I have recently been engaged in starting an IT users group and since it has been consuming most of my time I thought I would post some of my observations about the process as I have gone about it.
I have wanted to start a Linux Users Group(LUG) for some time now, but recently I came to the conclusion that my IT interests are too broad for just a LUG. I mean no insult to LUGs, I only mean that I am also interested in learning about topics that would normally not be welcome at a LUG. Two very good examples of this are Cisco and Windows. With that in mind I set about the process of putting the group together. This brings me to step/point number one.
1. Do your research. Find out if there is anyone out there who is already doing what you want to do.
As it turns out there was a group in Dallas whose mission was very similar to what I wanted to put together http://dfwitprofessionals.com/. However, most if not all of their meetings take place in Northern Dallas areas which are too far for me to drive on a regular basis, although I will be attending several of the meetings. Armed with my new knowledge I set out to contact this other group to see if they would be interested in working together to help bring the IT communities of the Dallas/Fort Worth area together. So far this relationship has been very good, and I hope to see the two organizations grow and bring the IT community of Dallas closer together.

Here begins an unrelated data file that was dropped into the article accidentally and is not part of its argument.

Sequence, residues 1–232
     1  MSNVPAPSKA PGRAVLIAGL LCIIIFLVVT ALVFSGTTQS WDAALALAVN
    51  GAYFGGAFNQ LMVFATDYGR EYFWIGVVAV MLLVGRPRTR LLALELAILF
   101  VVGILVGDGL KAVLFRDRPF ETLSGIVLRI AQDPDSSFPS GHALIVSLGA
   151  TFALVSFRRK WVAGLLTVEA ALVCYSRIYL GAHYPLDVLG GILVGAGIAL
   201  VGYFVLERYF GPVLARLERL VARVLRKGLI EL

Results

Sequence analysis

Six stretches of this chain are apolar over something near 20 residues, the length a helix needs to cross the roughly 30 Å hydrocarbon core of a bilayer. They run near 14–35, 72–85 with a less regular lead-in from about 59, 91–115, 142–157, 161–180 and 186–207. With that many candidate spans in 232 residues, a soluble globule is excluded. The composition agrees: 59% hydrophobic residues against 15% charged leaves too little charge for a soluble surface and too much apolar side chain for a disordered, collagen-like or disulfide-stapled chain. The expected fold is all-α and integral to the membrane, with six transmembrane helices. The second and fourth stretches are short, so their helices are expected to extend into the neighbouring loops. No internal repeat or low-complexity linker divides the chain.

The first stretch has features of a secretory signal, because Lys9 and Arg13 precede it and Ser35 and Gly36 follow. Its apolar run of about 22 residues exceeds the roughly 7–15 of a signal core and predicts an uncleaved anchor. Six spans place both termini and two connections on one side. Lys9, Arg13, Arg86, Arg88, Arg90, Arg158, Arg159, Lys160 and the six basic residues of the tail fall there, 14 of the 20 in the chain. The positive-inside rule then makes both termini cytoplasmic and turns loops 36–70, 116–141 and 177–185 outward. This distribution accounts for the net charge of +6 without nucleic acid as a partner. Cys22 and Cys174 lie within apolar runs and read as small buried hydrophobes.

2. Learn the power of doing.
One of the most important factors in the early success of this group has been that I finally decided to “shoot from the hip” and execute the plan prior to having all the details worked out. I am not saying that this is always the right way of doing things, but it can certainly help you get out of a rut. Very often we get caught up in “analysis paralysis” and kill the idea before it even has time to take root.
3. Use your momentum
Some of the hardest parts to starting an idea are at the beginning. Use the momentum you gain from the previous step to propel you through them. In setting up the meeting we had to find and schedule a location, create a website, organize presentations, organize refreshments and actually show up. In this case there were no difficult tasks, but there were a lot of them. We pushed through and made it happen.
4. Realize that the real success isn’t whether people show up
Regardless of whether it is successful by mainstream metrics, the most significant thing is that you did something instead of just thinking about it. There is no way to be successful by just sitting around and thinking about how you could be successful.